Do you think the recently revealed flaws in the Google Chrome extensions that enable the functionality on Chromebook notebooks represent a fundamental flaw in the design of the platform? Should they affect how we conduct our risk assessment regarding whether to allow these devices on the network?
As Google states, the Google Chrome extension flaws are more Web security flaws than operating system-level flaws. This is not to minimize the risk from this security vulnerability in Chromebooks or the VUPEN attacks on Chrome. But, the fact that security researchers and attackers are shifting their tactics away from attacking the OS via the browser to using the browser to abuse Web application insecurities illustrates security improvements have been made in the Chromebook OS. This specific attack also illustrates weaknesses in the design of the Chrome Web browser extensions.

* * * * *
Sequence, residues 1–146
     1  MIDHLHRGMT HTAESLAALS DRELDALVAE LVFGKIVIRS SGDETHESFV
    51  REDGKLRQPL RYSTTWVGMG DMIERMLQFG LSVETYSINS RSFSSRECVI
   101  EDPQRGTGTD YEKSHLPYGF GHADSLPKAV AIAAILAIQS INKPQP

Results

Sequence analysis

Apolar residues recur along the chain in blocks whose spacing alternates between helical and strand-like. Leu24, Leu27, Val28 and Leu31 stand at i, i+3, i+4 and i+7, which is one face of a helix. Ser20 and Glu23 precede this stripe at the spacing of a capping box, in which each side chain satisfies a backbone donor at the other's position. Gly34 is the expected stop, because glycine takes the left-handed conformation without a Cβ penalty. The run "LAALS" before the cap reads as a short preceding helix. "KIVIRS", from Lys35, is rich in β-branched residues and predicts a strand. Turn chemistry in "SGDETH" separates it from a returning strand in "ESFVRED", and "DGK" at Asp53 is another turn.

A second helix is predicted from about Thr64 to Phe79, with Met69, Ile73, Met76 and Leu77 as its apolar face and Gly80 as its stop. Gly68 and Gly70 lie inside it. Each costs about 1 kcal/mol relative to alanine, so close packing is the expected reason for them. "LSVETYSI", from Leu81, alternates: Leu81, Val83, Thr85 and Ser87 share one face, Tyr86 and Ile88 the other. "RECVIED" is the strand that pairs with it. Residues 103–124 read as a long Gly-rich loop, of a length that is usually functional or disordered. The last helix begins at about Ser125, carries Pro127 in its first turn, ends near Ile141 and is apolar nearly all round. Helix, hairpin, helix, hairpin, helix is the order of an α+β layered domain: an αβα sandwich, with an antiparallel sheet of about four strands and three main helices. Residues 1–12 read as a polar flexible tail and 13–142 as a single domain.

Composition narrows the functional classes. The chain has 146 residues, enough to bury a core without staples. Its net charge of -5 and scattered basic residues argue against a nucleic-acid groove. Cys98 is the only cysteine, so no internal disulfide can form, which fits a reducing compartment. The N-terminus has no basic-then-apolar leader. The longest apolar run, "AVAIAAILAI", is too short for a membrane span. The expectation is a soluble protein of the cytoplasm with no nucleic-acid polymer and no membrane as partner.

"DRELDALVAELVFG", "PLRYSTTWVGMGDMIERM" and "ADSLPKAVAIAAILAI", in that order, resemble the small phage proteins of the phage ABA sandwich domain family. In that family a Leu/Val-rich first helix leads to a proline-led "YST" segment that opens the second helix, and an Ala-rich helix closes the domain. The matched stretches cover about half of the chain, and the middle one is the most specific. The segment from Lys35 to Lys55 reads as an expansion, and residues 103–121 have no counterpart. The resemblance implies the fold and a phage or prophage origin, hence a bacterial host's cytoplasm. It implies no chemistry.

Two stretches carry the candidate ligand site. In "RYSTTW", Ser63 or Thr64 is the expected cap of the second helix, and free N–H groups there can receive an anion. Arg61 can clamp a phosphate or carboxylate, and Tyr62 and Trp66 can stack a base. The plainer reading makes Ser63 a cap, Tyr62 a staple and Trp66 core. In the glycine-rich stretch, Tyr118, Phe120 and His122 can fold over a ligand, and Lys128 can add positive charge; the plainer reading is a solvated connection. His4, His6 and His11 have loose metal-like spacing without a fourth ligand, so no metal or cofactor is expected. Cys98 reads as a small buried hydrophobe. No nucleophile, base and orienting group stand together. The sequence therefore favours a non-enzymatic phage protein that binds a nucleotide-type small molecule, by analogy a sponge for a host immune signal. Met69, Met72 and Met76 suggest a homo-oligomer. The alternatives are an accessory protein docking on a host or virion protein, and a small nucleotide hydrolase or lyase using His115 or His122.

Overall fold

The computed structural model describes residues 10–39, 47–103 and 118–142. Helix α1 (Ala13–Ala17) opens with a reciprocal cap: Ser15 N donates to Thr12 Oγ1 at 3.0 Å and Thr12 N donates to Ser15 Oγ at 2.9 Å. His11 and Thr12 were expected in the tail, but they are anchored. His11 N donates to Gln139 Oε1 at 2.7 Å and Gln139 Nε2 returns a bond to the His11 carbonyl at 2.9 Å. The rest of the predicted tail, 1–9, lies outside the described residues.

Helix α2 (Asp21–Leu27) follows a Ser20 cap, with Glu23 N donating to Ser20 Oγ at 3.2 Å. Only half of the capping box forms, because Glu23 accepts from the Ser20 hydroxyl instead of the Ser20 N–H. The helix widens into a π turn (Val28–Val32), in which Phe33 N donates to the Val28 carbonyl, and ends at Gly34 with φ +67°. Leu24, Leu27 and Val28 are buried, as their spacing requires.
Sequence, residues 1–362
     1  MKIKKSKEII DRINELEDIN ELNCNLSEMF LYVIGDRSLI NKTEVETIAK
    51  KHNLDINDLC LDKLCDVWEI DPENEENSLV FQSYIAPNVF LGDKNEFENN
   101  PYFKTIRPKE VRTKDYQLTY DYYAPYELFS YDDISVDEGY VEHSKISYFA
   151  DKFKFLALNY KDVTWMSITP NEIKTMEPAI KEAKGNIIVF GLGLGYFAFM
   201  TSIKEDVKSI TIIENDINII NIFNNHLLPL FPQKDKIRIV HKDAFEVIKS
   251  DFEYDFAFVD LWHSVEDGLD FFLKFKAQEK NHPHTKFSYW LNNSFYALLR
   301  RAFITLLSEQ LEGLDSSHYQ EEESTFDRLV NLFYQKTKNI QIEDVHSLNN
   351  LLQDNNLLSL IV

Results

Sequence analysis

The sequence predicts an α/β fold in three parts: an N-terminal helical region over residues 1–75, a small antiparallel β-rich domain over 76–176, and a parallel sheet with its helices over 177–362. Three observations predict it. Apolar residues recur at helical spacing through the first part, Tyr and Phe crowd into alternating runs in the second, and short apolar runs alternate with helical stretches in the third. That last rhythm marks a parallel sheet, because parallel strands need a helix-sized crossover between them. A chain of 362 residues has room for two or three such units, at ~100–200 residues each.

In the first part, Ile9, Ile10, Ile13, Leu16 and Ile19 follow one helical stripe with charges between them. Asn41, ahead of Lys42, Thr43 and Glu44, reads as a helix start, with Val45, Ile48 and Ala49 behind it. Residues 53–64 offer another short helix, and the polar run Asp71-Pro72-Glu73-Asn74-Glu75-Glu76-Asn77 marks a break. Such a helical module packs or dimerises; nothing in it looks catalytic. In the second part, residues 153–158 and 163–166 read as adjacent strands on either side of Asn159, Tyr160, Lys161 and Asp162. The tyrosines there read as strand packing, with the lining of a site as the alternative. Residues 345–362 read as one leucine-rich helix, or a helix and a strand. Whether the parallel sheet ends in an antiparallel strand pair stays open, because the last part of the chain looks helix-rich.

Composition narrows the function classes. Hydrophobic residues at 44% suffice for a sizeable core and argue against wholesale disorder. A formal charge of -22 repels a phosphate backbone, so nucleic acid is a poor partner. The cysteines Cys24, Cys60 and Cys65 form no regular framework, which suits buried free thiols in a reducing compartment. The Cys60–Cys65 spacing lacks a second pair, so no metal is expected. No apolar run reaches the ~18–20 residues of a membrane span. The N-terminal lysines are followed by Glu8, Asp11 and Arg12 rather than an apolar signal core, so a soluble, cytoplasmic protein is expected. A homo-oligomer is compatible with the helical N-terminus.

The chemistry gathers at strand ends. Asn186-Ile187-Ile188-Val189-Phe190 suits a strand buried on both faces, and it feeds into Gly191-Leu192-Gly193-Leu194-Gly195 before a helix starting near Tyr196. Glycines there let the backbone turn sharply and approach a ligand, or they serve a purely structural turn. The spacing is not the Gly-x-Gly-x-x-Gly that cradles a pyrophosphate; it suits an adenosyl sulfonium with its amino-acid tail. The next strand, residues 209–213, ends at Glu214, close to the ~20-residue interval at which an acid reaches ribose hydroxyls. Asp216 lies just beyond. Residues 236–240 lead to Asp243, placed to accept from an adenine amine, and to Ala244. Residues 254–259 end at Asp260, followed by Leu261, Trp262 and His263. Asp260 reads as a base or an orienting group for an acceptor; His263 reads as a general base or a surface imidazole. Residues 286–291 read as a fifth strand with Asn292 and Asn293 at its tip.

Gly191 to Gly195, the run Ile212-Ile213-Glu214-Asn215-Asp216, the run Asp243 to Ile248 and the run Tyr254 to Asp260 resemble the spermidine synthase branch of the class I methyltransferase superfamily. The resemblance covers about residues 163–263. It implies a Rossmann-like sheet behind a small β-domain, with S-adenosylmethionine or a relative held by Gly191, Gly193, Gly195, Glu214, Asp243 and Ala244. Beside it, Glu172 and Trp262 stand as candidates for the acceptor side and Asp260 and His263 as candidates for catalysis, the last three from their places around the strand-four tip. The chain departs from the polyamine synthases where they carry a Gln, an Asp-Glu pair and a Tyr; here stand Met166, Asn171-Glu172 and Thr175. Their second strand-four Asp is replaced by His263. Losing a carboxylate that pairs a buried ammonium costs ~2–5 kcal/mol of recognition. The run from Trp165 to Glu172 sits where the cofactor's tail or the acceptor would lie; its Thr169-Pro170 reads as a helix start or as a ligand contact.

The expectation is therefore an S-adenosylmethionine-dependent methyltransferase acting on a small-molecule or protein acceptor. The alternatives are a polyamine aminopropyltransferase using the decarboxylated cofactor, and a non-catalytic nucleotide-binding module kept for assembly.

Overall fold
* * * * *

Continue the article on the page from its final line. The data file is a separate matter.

A mobile device risk assessment for Chromebook security should be more comprehensive than just looking at the risk around the browser plug-ins or even evaluating the Chrome Web browser. If you are evaluating risks to Web browsers in use on your network, you will want to identify browser plug-ins that may be used on your systems, like ActiveX controls, Java, Flash, etc. A risk assessment of Chromebooks may come down to just evaluating the Chrome Web browser since the platform’s security features include a lengthy list of security capabilities. Also, one of the fundamental components of using Chromebooks is using cloud-based services, so the potential cloud-based services should be included in the risk assessment.
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